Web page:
As a Jacksboro ISD School Board Trustee, I saw first-hand the pressure put on principals, teachers, and students to perform on standardized testing. At times this pressure caused negative side effects to the student’s educational development. There are lots of issues with the current process that need to be addressed. In general, I prefer testing that measures the individual’s progress based on an initial diagnostic that would allow us to measure student achievement over a period of time. 
 

6. To what extent should student performance determine teacher pay?
 
I do not support the idea that STARR scores should be use to determine teacher pay.
 
 
7. Would you vote to create any type of voucher, tax credit, scholarship, education savings account, or other program aimed at paying for students, including any subpopulation of students, to attend non-public K-12 schools, such as private or home schools?

I do not support legislation that takes funds away from public education.
 
 
8. State law allows educators and other public employees to voluntarily choose to join professional associations such as ATPE and have membership dues deducted from their paychecks at no cost to taxpayers. Do you support or oppose letting all public employees continue to exercise this right?
 
I support public employees having the voluntary choice to join professional associations.

 
9. What role, if any, should charter schools have in the public education system, and do you feel the number of charter schools operating in Texas should be reduced or expanded?
 
I’m a public-school board member and a product of our local public schools.  And I’m proud that my two sons also attended public school.  Public schools are the glue of many rural communities.  However, I can understand the strain put on financially disadvantaged families, stuck attending failing public schools. I support the idea of parent choice, and providing options for families who are underserved by their public schools, but not at the expense of taking money away from our public schools.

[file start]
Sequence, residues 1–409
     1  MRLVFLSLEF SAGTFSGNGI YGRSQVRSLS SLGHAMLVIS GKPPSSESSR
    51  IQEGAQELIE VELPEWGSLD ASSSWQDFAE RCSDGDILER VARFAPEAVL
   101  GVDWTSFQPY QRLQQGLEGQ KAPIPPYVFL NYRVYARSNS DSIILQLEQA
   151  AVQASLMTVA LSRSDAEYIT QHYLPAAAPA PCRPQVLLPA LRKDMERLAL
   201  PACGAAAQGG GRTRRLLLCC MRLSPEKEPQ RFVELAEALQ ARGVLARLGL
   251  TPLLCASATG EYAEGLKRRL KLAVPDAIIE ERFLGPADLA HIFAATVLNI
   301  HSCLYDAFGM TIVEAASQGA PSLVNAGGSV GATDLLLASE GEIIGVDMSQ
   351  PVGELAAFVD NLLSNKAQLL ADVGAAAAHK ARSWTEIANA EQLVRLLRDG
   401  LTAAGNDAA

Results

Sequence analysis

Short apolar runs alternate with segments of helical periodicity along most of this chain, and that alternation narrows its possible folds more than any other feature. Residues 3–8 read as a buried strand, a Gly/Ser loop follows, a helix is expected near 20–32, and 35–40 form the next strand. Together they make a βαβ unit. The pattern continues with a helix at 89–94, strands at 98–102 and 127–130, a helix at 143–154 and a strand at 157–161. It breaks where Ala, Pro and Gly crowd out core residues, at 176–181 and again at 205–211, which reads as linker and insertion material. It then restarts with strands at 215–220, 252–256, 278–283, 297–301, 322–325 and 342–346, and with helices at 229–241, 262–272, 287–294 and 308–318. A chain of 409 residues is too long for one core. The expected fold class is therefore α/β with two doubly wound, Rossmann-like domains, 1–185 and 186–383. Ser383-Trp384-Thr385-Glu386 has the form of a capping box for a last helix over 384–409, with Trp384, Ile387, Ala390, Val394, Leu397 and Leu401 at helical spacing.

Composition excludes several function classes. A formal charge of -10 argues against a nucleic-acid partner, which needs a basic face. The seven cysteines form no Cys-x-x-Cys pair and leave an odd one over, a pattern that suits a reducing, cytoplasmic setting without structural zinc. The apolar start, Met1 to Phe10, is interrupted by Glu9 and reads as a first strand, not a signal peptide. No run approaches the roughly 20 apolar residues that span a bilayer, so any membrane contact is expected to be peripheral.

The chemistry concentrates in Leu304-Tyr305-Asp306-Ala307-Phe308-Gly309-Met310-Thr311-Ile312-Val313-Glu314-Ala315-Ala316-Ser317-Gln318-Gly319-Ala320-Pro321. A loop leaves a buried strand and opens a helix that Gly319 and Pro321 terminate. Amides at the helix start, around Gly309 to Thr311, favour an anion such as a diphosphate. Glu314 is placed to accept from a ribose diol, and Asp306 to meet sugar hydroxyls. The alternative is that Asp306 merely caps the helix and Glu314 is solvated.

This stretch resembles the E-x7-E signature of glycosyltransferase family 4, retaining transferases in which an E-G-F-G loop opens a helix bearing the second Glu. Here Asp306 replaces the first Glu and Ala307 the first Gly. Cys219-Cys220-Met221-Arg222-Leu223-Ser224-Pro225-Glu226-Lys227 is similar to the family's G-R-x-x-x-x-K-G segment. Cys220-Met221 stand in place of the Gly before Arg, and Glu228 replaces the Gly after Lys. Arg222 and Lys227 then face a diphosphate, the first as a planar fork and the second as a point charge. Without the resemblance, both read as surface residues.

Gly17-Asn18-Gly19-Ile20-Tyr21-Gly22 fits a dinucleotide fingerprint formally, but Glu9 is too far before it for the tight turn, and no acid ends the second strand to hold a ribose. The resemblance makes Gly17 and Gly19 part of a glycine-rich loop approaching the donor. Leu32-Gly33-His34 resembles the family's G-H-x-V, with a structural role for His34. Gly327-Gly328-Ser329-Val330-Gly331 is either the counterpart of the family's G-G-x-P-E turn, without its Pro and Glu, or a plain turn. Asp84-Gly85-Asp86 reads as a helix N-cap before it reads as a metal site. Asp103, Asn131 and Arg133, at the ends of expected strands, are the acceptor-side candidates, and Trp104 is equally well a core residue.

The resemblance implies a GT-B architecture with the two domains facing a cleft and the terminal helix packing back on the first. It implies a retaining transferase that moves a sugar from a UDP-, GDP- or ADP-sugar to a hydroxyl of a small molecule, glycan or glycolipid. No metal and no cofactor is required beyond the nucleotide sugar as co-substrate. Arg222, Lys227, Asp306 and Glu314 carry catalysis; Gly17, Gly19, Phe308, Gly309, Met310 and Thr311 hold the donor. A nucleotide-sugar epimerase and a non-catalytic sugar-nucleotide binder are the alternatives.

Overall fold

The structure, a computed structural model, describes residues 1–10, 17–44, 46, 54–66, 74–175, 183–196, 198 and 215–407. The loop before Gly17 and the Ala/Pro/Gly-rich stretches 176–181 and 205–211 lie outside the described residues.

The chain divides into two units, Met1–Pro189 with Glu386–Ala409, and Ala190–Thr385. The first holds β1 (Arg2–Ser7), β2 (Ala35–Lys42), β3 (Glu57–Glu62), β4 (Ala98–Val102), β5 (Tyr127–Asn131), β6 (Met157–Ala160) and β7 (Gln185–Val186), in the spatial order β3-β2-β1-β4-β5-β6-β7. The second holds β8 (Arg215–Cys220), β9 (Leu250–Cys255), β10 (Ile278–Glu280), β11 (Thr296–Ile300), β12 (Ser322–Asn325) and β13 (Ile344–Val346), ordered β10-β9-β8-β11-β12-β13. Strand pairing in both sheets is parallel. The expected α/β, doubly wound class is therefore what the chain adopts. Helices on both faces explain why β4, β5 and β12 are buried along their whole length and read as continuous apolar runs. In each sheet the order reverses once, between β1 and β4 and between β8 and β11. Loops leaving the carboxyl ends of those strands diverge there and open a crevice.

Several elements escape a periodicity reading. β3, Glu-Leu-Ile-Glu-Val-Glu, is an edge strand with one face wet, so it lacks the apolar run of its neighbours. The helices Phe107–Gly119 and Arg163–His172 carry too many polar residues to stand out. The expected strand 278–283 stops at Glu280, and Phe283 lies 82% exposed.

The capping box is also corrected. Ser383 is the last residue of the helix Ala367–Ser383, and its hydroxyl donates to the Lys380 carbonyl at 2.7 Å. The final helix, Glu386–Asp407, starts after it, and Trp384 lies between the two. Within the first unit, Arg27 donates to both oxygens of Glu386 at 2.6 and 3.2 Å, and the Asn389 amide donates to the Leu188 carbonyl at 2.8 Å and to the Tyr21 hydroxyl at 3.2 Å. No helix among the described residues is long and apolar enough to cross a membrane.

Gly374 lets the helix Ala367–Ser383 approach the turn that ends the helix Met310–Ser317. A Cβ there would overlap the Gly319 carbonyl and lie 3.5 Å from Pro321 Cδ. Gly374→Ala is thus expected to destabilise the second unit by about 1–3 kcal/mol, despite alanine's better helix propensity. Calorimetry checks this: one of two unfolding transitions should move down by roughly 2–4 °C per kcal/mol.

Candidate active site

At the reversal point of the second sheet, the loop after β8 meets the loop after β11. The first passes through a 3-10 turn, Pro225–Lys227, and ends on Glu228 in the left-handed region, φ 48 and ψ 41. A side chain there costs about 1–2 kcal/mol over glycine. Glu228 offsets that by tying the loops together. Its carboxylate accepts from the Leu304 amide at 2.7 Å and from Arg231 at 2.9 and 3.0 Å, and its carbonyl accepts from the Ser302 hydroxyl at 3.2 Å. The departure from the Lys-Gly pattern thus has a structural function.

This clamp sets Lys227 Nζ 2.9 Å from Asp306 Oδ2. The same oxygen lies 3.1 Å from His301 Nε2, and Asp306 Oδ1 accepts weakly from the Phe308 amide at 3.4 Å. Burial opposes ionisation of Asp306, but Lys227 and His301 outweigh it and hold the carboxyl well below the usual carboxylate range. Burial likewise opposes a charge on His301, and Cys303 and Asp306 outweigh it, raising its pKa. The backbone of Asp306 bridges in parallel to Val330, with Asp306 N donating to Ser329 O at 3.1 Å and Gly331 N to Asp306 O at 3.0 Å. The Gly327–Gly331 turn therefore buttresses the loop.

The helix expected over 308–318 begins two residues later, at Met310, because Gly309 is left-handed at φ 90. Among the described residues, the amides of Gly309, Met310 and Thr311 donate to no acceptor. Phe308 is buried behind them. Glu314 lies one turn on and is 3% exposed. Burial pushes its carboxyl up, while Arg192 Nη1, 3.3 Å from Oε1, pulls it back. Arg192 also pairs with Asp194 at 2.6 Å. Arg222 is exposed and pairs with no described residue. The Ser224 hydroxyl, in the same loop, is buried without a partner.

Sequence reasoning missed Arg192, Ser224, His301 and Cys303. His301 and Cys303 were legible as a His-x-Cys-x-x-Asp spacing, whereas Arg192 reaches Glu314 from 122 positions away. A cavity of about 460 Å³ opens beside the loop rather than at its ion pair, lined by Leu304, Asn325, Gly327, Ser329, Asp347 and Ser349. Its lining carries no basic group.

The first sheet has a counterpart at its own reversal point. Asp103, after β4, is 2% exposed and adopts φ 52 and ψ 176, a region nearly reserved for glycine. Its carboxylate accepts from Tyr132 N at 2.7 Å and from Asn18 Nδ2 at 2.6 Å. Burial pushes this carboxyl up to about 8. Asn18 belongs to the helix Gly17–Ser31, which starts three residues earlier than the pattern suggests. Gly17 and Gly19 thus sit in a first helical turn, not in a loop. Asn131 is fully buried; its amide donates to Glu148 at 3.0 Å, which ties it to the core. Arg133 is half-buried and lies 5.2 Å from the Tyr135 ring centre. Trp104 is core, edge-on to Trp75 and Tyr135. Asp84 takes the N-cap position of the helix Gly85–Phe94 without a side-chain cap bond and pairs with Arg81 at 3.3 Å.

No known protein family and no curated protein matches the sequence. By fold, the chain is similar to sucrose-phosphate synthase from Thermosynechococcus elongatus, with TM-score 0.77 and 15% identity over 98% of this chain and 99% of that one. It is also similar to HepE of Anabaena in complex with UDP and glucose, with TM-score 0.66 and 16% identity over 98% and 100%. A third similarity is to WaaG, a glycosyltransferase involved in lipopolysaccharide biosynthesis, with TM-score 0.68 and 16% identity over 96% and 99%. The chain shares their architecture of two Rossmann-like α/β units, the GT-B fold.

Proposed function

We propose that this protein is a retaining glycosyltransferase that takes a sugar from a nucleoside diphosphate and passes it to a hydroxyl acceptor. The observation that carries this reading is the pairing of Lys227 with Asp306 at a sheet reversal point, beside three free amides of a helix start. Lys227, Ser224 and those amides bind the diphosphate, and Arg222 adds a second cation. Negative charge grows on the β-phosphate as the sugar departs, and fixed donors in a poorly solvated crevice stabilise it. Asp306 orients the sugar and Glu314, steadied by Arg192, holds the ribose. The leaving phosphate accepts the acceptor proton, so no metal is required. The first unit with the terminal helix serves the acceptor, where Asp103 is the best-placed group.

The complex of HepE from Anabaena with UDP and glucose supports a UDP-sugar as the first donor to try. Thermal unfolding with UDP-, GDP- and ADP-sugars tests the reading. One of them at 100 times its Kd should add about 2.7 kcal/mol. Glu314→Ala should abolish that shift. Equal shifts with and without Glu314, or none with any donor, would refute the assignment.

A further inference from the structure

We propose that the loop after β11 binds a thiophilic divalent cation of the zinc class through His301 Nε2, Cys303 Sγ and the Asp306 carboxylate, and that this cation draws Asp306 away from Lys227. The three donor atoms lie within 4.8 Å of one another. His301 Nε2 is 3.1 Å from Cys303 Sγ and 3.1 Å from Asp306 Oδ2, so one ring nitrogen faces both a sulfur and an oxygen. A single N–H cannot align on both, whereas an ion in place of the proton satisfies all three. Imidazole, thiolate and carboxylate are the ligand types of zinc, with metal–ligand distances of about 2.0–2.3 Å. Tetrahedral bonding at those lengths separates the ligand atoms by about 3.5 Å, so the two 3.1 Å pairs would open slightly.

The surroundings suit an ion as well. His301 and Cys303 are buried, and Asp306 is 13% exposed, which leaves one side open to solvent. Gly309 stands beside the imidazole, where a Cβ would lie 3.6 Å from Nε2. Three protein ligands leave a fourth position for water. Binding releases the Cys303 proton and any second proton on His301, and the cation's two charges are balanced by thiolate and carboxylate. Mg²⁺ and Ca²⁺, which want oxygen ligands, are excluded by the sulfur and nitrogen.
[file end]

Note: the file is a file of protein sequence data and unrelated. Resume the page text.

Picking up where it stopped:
10. Recent legislation has made it possible for school districts to exempt themselves from many state laws (e.g., class-size limits, requirements for hiring certified teachers, minimum salary schedules, school calendar restrictions, etc.) by partnering with outside entities, allowing campuses to be managed by a charter school operator, or becoming part of a District of Innovation, for example. Do you agree with this type of deregulation of public schools, and how should such non-traditional schools be governed?
 
I believe in empowering our teachers and administrators to make the best decisions for their school and students. Each district and school face its own set of issues and should be able to request waivers when necessary.

Additional Comments from Candidate on Survey


No additional comments